5. Sensitivity of rocky planet structures to the equation of state

    International Nuclear Information System (INIS)

    Swift, D.C.

    2009-01-01

    Structures were calculated for Mercury, Venus, Earth, the Moon, and Mars, using a core-mantle model and adjusting the core radius to reproduce the observed mass and diameter of each body. Structures were calculated using Fe and basalt equations of state of different degrees of sophistication for the core and mantle. The choice of equation of state had a significant effect on the inferred structure. For each structure, the moment of inertia ratio was calculated and compared with observed values. Linear Grueneisen equations of state fitted to limited portions of shock data reproduced the observed moments of inertia significantly better than did more detailed equations of state incorporating phase transitions, presumably reflecting the actual compositions of the bodies. The linear Grueneisen equations of state and corresponding structures seem however to be a reasonable starting point for comparative simulations of large-scale astrophysical impacts.

  6. Surface Grafting of Ru(II) Diazonium-Based Sensitizers on Metal Oxides Enhances Alkaline Stability for Solar Energy Conversion.

    Science.gov (United States)

    Bangle, Rachel; Sampaio, Renato N; Troian-Gautier, Ludovic; Meyer, Gerald J

    2018-01-24

    The electrografting of [Ru(ttt)(tpy-C 6 H 4 -N 2 + )] 3+ , where "ttt" is 4,4',4″-tri-tert-butyl-2,2':6',2″-terpyridine, was investigated on several wide band gap metal oxide surfaces (TiO 2 , SnO 2 , ZrO 2 , ZnO, In 2 O 3 :Sn) and compared to structurally analogous sensitizers that differed only by the anchoring group, i.e., -PO 3 H 2 and -COOH. An optimized procedure for diazonium electrografting to semiconductor metal oxides is presented that allowed surface coverages that ranged between 4.7 × 10 -8 and 10.6 × 10 -8 mol cm -2 depending on the nature of the metal oxide. FTIR analysis showed the disappearance of the diazonium stretch at 2266 cm -1 after electrografting. XPS analysis revealed a characteristic peak of Ru 3d at 285 eV as well as a peak at 531.6 eV that was attributed to O 1s in Ti-O-C bonds. Photocurrents were measured to assess electron injection efficiency of these modified surfaces. The electrografted sensitizers exhibited excellent stability across a range of pHs spanning from 1 to 14, where classical binding groups such as carboxylic and phosphonic derivatives were hydrolyzed.

  7. Atomic structure of the SbCu surface alloy: A surface X-ray diffraction study

    DEFF Research Database (Denmark)

    Meunier, I.; Gay, J.M.; Lapena, L.

    1999-01-01

    The dissolution at 400 degrees C of an antimony layer deposited at room temperature on a Cu(111) substrate leads to a surface alloy with a p(root 3x root 3)R 30 degrees x 30 degrees superstructure and a Sb composition of 1/3.We present here a structural study of this Sb-Cu compound by surface X...

  8. Sensitivity of Reliability Estimates in Partially Damaged RC Structures subject to Earthquakes, using Reduced Hysteretic Models

    DEFF Research Database (Denmark)

    Iwankiewicz, R.; Nielsen, Søren R. K.; Skjærbæk, P. S.

    The subject of the paper is the investigation of the sensitivity of structural reliability estimation by a reduced hysteretic model for a reinforced concrete frame under an earthquake excitation.......The subject of the paper is the investigation of the sensitivity of structural reliability estimation by a reduced hysteretic model for a reinforced concrete frame under an earthquake excitation....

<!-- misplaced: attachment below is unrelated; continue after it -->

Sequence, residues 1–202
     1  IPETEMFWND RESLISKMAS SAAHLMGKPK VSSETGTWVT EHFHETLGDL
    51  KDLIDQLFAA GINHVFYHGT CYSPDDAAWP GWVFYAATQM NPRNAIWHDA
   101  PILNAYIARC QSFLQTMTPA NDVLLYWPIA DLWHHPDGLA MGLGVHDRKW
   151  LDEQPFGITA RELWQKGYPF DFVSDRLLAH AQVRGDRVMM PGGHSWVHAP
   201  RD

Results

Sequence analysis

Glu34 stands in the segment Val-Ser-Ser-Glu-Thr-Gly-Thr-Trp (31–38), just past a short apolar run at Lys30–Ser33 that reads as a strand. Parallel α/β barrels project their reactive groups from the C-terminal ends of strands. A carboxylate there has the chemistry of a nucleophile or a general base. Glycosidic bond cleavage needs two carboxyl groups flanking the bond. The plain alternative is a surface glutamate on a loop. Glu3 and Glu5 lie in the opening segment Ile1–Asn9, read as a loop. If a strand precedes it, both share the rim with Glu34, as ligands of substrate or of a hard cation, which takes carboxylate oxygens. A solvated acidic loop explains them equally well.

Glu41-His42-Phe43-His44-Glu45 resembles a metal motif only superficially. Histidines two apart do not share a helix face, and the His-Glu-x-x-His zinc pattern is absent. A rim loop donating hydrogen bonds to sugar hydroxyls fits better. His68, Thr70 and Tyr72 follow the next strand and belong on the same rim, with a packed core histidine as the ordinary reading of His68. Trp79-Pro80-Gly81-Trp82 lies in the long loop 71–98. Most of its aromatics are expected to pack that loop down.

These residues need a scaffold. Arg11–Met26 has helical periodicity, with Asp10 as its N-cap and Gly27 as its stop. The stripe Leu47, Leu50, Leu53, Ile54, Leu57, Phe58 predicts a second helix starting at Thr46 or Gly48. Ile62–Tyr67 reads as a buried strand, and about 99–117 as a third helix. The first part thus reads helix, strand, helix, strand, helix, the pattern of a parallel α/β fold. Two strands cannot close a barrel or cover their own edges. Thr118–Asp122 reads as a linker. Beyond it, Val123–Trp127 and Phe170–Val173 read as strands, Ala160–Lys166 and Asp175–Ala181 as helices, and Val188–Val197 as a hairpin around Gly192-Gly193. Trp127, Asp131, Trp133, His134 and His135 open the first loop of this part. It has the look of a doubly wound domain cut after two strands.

9. Cross Validation Through Two-Dimensional Solution Surface for Cost-Sensitive SVM.

    Science.gov (United States)

    Gu, Bin; Sheng, Victor S; Tay, Keng Yeow; Romano, Walter; Li, Shuo

    2017-06-01

    Model selection plays an important role in cost-sensitive SVM (CS-SVM). It has been proven that the global minimum cross validation (CV) error can be efficiently computed based on the solution path for one parameter learning problems. However, it is a challenge to obtain the global minimum CV error for CS-SVM based on one-dimensional solution path and traditional grid search, because CS-SVM is with two regularization parameters. In this paper, we propose a solution and error surfaces based CV approach (CV-SES). More specifically, we first compute a two-dimensional solution surface for CS-SVM based on a bi-parameter space partition algorithm, which can fit solutions of CS-SVM for all values of both regularization parameters. Then, we compute a two-dimensional validation error surface for each CV fold, which can fit validation errors of CS-SVM for all values of both regularization parameters. Finally, we obtain the CV error surface by superposing K validation error surfaces, which can find the global minimum CV error of CS-SVM. Experiments are conducted on seven datasets for cost sensitive learning and on four datasets for imbalanced learning. Experimental results not only show that our proposed CV-SES has a better generalization ability than CS-SVM with various hybrids between grid search and solution path methods, and than recent proposed cost-sensitive hinge loss SVM with three-dimensional grid search, but also show that CV-SES uses less running time.

  10. Superhydrophobicity of biological and technical surfaces under moisture condensation: stability in relation to surface structure.

    Science.gov (United States)

    Mockenhaupt, Bernd; Ensikat, Hans-Jürgen; Spaeth, Manuel; Barthlott, Wilhelm

    2008-12-02